“Peace is not the absence of chaos or conflict, but rather finding yourself in the midst of that chaos and remaining calm in your heart. “

 Some people think that peace in their hearts, in their relationships, and in the world can only exist without the presence of conflict.  With a tired and weary soul, they wait for everything around them to be perfect, according to their standards, before they recognize harmony in their lives.

 What if I told you that it is the human condition to encounter conflict.   If handled with an eager spirit and a positive frame of mind, conflict can lead to a better understanding of our fellow human, and personal growth of the highest magnitude. 


 Conflict is part of living our lives on this planet.  Billions of other people are trying to find their way through life, or actually finding it using methods that are sometimes very DIFFERENT from ours.  Conflict arises because of DIFFERENCES in perspective and approach, and that is inevitable.


People are born into different types of family structures, are raised with different values, seek different goals, and have different opinions.  These differences are a beautiful thing when looked at through lenses of compassion and respect, and they open all kinds of doors for expanded awareness.


 Face it.  People are not just like you.


Friends, family members, lovers, children, and even strangers come in and out of our lives, offering their little pieces of insight, preferences, sarcasm, animosity, and so on.  When we know not everyone thinks the same way we do, we take the first step in building a bridge to interactions with other people who is based on calm and positive communication.


When we take a moment to realize that situations seen from others’ life glasses do not always reflect the world as we see it, we remain peaceful in our dealings with everyone that crosses our path.


 Have you ever had a disagreement in your relationship  regarding…

 * Relationship responsiblities

* Parenting

*Views on Budgeting and Spending

* Spending Time Together

*Personal values

* Vacationing  and leisure choices

 Have you ever been so sure of your belief, position, or lifestyle that you approached every point of view counter to yours as “wrong?”

 Do you ever feel like anyone that disagrees with you is launching an attack on you personally?

 Do you ever sit in judgment of people that come at life from different angles, paces, personalities, or ethical theories?

  Figuring out how to deal with conflict in a healthy way is critical to your ability to live the joyous life you are meant to live. 

 Our goal in living an abundant and rich life is to first recognize conflict for the opportunity that it is.  Once conflict is seen as a gift, a chance to learn something about ourselves and the people in our world, we can finally let go of all the resistance that is standing in our way of beautiful interactions with anyone.

 Some like to call it “managing” conflict.  I like to call it acceptance of and respect for a truth that is most definitely a shade of gray, and not black or white.


In our personal relationships, and in the world, when we take any seemingly negative conflict and turn it inside out, revealing all the delicate issues and underlying stories, we begin to find that often elusive “meet me in the middle” spot that is pure gold.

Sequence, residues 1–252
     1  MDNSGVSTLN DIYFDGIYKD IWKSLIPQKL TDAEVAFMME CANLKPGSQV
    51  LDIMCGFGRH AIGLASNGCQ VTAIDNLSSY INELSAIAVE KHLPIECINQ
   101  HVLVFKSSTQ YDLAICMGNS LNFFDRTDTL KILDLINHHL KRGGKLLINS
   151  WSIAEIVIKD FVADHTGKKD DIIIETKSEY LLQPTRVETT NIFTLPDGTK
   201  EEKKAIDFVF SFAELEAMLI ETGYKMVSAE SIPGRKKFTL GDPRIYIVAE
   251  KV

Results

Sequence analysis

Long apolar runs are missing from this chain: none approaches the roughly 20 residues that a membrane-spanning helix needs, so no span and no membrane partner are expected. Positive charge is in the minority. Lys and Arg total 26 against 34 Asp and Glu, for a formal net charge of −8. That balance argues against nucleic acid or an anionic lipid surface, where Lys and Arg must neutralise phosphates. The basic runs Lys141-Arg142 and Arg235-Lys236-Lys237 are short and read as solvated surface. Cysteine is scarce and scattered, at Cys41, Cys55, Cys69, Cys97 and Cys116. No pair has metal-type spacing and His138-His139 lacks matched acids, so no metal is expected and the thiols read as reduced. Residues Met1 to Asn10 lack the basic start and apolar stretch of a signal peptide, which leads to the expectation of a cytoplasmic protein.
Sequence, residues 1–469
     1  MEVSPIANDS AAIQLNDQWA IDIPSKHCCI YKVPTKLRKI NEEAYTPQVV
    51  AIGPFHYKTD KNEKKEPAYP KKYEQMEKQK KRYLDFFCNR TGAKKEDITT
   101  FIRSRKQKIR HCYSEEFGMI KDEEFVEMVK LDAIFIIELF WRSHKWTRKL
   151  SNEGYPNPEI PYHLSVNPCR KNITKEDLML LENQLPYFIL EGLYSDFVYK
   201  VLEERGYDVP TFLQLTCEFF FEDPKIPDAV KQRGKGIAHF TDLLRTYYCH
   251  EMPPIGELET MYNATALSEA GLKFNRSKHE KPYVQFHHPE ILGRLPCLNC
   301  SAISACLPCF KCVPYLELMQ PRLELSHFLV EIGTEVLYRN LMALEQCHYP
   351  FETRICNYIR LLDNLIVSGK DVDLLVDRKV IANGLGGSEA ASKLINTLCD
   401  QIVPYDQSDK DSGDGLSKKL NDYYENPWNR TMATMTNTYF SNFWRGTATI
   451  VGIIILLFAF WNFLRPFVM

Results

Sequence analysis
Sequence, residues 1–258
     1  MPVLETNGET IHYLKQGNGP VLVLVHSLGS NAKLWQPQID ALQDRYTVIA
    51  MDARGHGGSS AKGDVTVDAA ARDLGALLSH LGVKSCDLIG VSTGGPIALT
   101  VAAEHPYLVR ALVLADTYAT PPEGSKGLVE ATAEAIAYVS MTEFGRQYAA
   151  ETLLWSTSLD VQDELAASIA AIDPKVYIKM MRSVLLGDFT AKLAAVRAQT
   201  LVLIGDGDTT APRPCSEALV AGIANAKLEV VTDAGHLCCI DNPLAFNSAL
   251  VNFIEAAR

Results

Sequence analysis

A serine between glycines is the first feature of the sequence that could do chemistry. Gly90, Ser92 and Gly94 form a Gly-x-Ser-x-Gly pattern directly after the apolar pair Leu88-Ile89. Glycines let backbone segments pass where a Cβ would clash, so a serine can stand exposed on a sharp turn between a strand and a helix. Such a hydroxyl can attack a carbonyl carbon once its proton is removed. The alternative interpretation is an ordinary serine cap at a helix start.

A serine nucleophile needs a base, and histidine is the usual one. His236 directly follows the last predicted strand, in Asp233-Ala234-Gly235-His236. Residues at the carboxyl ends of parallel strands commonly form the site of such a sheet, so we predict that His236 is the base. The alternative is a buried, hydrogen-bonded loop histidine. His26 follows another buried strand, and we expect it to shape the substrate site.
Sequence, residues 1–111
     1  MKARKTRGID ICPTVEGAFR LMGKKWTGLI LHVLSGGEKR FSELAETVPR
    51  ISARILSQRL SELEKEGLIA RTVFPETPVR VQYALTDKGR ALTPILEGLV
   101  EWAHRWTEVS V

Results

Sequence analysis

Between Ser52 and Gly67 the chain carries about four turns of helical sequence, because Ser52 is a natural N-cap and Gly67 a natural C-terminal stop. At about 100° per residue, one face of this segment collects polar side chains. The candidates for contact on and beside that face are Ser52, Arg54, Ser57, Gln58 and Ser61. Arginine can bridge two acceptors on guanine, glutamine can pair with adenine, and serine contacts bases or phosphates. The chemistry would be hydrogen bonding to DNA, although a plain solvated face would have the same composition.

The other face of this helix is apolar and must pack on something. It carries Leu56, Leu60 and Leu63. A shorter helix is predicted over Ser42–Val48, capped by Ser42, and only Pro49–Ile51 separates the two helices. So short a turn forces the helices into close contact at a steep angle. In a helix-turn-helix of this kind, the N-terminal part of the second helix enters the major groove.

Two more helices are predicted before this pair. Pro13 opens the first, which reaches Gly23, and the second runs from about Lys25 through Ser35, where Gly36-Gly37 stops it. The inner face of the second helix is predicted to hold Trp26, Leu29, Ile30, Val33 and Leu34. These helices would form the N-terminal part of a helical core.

The next time you find yourself facing a conflict with another, stop yourself dead in your tracks before taking any type of action, and proceed with caution, keeping these points in mind…


  • Remain quiet – Find a stillness in your body and mind that’s undisturbed by any outside influence.  Close your eyes if you must, take a deep breath if you have to, and release anything that would have you act out in anger, rage, or spite.
  • Clear your thoughts of judgment – Allow an openness toward possibility and new ways of thinking to become your frame of reference.  Free yourself of any pre-disposed ideas of how someone should think or what should happen.
  • Let them talk – Really listen to the other person.  Hear what they have to say.  Hear the words they choose, the emotions they express, and outlook they bring to the situation.
  • Repeat what you hear – Acknowledging what someone is telling you lets them know that you want to hear their side of the story.  It raises the other party up to the level of equal, so that both sides can come at a solution without feeling defensive, put down, or dismissed.
  • Say what you need to say – with honesty, confidence, composure, and clarity.  Say what is on in your heart and on your mind, with compassion, yet without apology.
  • Separate the behavior from the person – Stay appreciative of the fact that many years, experiences, and choices or lack thereof, have given the other person the standpoint that they have.  They are not their thoughts. They are not their actions.  They can control their thoughts and their thoughts can change, just as yours can.
  • Be willing to see things in a new light – If you experience a change in perspective, based on your encounter with another person, be forthcoming and sincere with your wisdom.


In most cases of interpersonal conflict, peaceful resolution is seen with application of these thoughtful actions.


In some instances, despite all of our efforts, our “opposing” partner in mutual enlightenment is not ready to be persuaded, converted, or recognized.  They may shout or become abusive, mentally or physically.  If you find yourself in this scenario, courageously honor yourself by stating your position and then walk away. 

 Knowing that you are at place inside of you where peace is present, and no acts of others can disturb it.

Curt Canada Board Certified Coach and Social Worker at Adapting2Change in Washington DC works with clients to better themselves and their relationships.   Email Curt to Schedule a Consultation today! curtcanada@comcast.net